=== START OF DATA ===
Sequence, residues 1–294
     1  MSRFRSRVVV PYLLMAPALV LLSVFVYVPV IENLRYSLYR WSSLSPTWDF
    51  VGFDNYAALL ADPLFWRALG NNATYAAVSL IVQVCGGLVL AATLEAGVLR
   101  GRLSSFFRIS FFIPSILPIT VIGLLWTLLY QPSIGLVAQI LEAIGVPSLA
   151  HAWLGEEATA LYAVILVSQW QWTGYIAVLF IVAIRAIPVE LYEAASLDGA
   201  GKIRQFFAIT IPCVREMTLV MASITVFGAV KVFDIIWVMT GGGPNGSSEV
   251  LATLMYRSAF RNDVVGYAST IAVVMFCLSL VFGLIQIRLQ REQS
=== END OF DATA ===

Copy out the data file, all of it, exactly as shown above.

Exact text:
Sequence, residues 1–294
     1  MSRFRSRVVV PYLLMAPALV LLSVFVYVPV IENLRYSLYR WSSLSPTWDF
    51  VGFDNYAALL ADPLFWRALG NNATYAAVSL IVQVCGGLVL AATLEAGVLR
   101  GRLSSFFRIS FFIPSILPIT VIGLLWTLLY QPSIGLVAQI LEAIGVPSLA
   151  HAWLGEEATA LYAVILVSQW QWTGYIAVLF IVAIRAIPVE LYEAASLDGA
   201  GKIRQFFAIT IPCVREMTLV MASITVFGAV KVFDIIWVMT GGGPNGSSEV
   251  LATLMYRSAF RNDVVGYAST IAVVMFCLSL VFGLIQIRLQ REQS